This is where the Eastern theology of the icon can teach us something important. Logically, we ask about the nature of those heavenly beings. Would they still show the effects of the fall, or are they glorified and perfected because they share in the glory of Christ’s Resurrection? We learn from the Eastern iconographic tradition that saints—because they are in heaven—are shown in their heavenly condition where all the effects of the fall are removed, and their intellects, bodies, and desires are glorified. So in a sense, icons “distort” the human attributes to make sure that people know these are beings who are looking at the face of God and now share in the same glory that Christ showed at the Transfiguration. So you never see an icon of people being drunk, greedy, or fighting with each other. They’re always in supreme harmony and peace, and their expressions, gestures, and even their clothing show it.

But Eastern theology is also true for those of us in Western churches. When we want to show a saint in their liturgical condition, as distinguished from their historical lifetime, they’re not so much in the moment of their martyrdom, but on the other side of their martyrdom where they look at the face of God, delighting in Him, and singing “Holy, holy, holy” around the throne of God forever. So, by definition, a liturgical image will show saints in their liturgical act and their liturgical condition. It’s a great thing to make a painting of a saint in their lifetime, but then it becomes a historical image rather than a liturgical image. Again, both are good, but each has a distinct character.

If you just paint a person dressed up in a saint costume, then you’re making a portrait of someone on Halloween. That’s different from showing a saint as they exist in heaven—and that’s the key idea. It is also why they are beautiful, because they’re revealing their ontological reality. An iconic representation of a saint is a more beautiful rendition of a more beautiful person. A person’s full ontological reality is not to be fallen; it is to be glorified, because evil is an absence of good. Similarly, fallenness is an absence of full existence. So an artist who shows the saint in their glorified state is actually making something more beautiful because they are revealing a more beautiful reality.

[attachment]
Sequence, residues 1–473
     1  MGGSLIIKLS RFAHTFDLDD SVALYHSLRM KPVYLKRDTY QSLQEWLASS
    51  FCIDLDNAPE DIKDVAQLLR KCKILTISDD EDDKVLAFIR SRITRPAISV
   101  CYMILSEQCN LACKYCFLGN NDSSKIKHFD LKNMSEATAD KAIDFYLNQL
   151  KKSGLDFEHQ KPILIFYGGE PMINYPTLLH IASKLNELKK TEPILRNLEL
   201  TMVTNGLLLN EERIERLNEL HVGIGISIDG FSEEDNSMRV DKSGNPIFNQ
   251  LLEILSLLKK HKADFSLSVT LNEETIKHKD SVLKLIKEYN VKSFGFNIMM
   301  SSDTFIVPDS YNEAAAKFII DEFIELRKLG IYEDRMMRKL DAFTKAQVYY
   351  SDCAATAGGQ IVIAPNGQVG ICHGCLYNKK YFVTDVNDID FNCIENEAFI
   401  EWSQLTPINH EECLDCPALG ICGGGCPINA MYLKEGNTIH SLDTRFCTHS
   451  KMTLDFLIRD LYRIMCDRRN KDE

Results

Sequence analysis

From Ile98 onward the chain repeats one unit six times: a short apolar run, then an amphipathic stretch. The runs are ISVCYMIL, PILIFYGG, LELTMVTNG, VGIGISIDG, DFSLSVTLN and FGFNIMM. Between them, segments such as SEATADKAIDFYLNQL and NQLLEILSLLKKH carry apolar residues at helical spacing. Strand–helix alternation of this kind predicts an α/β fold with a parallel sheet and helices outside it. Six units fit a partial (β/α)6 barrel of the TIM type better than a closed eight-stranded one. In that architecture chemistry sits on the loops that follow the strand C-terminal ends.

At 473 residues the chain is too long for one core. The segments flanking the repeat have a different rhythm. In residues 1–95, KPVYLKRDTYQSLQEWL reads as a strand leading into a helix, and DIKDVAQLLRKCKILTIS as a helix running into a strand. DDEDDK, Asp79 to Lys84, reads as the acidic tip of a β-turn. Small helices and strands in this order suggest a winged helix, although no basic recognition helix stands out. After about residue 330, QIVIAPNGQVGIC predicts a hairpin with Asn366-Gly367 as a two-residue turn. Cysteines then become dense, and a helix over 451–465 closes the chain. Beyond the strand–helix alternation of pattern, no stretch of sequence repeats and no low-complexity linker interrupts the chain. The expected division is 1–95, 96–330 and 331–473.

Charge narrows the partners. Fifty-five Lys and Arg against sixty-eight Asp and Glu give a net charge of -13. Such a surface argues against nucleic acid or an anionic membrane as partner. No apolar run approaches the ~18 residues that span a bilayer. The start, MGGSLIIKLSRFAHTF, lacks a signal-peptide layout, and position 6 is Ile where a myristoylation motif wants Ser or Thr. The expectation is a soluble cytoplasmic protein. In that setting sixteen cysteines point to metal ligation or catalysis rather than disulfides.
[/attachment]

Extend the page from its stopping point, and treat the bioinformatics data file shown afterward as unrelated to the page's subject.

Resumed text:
Sometimes people say something like “We’re going to have a retreat, and we’ll learn how to be more fully ourselves and more fully human.” And the first thought might be that it sounds like some kind of goofy, undefinable fluff. But there’s something to that idea. Saints are more fully human and more fully themselves as God wants them to be, since being fallen means being less than you ought to be. When you’re more yourself in the ontological sense, you’re more ontologically perfect, more glorified, more conformed to the image of Christ, and then you’re actually more beautiful. And a liturgical image—what we might call an iconic image—captures that heavenly reality and brings it to earth for us to encounter. So by means of sacramentality, we actually see an angel, a saint, or even the face of Christ in art. This is the true vocation of a liturgical artist, and it is both a demanding call and an amazing opportunity.